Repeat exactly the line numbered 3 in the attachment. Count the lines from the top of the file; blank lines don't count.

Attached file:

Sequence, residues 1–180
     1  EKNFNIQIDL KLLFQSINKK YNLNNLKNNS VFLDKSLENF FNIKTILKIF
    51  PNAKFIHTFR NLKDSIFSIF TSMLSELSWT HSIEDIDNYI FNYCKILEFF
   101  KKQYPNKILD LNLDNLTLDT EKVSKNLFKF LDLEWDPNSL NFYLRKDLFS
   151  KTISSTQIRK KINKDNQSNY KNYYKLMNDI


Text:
    51  PNAKFIHTFR NLKDSIFSIF TSMLSELSWT HSIEDIDNYI FNYCKILEFF